The news today that Japan is “considering whether a pre-emptive strike on North Korea would violate its constitution” strikes me as significant. In half-century since World War II ended, Japan’s pacifist constitution has forbidden the country from having an offensive military; only a defensive force is allowed. Under Prime Minister Junichiro Koizumi, Tokyo has been pushing against that limit for quite some time; not least in the unpopular decision to send troops to Iraq—to provide, in Koizumi’s words “humanitarian assistance.” So now the question is whether “pre-emptive strikes” fall in that gray area.
On the other hand, it sure seems like Japan’s only talking about launching a pre-emptive strike on North Korea not because it would be a good idea—it wouldn’t be—but because it just wants to scare China into handling North Korea. China presumably doesn’t want to spend a lot of money on a costly arms race with Japan, and would rather calm down Kim Jong-Il than see Japan freak out and start gearing up for a pre-emptive strike. That’s my guess, anyway. All a political gambit.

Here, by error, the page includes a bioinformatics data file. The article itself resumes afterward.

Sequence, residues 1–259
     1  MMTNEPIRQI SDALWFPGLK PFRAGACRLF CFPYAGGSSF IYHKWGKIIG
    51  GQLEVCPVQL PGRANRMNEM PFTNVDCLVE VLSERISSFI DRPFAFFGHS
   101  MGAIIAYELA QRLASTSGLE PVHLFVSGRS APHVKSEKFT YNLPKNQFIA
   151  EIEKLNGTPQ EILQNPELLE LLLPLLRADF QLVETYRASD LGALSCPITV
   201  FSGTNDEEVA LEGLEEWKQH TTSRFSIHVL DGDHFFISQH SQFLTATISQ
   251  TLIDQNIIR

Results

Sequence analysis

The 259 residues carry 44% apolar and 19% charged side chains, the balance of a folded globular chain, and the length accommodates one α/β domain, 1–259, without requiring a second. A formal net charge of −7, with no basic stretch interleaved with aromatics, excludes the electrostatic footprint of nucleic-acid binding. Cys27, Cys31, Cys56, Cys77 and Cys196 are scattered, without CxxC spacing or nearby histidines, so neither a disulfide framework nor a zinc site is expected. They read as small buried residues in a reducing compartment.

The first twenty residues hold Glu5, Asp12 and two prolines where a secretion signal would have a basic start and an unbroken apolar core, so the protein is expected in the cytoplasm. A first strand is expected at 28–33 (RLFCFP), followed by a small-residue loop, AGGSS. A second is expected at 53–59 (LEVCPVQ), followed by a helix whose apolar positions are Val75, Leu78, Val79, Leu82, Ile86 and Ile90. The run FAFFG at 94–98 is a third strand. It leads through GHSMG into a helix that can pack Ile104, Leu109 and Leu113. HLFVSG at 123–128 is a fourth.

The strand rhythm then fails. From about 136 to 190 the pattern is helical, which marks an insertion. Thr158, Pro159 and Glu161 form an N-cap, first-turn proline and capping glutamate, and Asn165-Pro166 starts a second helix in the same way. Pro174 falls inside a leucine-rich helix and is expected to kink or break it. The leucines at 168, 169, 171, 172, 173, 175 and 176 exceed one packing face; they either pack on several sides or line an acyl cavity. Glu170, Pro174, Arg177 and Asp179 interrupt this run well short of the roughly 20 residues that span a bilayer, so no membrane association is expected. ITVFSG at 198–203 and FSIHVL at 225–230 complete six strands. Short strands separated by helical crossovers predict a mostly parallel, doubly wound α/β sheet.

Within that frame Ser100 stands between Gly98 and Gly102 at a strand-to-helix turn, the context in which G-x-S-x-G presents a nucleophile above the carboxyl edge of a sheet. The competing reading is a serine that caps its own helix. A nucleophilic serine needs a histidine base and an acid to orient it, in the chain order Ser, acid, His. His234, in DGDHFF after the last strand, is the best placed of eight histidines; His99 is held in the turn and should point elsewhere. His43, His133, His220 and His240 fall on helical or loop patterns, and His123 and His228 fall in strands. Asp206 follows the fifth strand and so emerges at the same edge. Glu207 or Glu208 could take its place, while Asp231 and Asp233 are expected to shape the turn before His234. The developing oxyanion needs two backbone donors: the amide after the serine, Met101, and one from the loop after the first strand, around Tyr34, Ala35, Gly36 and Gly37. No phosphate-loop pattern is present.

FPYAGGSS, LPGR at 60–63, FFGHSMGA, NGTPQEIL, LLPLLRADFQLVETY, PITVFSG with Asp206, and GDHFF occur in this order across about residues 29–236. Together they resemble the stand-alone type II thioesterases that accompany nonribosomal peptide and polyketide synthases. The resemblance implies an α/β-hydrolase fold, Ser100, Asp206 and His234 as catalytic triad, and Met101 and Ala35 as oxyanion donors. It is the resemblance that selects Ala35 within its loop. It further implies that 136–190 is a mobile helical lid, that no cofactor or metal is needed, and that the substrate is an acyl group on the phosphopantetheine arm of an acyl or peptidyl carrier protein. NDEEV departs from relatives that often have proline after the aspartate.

But then, who knows? Chalmers Johnson wrote a good article a while back about Japan’s struggle with rearmament, and noted that a number of U.S. government types have been pushing Japan to revise article nine of the constitution and become a significant military force in the Far East, all in order to “counterbalance” China—proving once again that the so-called “China hawks” are probably a greater threat to world peace than most of the tinpot dictators we seem to spend so much time obsessing over.